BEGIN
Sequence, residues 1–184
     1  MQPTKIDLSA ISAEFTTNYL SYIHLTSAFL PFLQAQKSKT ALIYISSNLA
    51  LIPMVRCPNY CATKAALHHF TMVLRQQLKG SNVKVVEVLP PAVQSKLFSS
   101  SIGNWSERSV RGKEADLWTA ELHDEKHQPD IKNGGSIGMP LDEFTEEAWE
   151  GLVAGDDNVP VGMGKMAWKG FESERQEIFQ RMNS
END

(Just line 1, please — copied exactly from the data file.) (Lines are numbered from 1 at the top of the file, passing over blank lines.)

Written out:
Sequence, residues 1–184